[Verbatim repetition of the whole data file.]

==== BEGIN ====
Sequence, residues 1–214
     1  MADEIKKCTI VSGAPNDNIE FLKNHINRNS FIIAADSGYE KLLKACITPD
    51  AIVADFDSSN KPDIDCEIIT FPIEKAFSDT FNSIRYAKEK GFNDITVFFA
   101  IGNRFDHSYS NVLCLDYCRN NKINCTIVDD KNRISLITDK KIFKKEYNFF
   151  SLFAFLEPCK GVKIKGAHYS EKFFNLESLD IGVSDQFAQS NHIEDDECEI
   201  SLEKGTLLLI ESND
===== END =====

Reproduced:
Sequence, residues 1–214
     1  MADEIKKCTI VSGAPNDNIE FLKNHINRNS FIIAADSGYE KLLKACITPD
    51  AIVADFDSSN KPDIDCEIIT FPIEKAFSDT FNSIRYAKEK GFNDITVFFA
   101  IGNRFDHSYS NVLCLDYCRN NKINCTIVDD KNRISLITDK KIFKKEYNFF
   151  SLFAFLEPCK GVKIKGAHYS EKFFNLESLD IGVSDQFAQS NHIEDDECEI
   201  SLEKGTLLLI ESND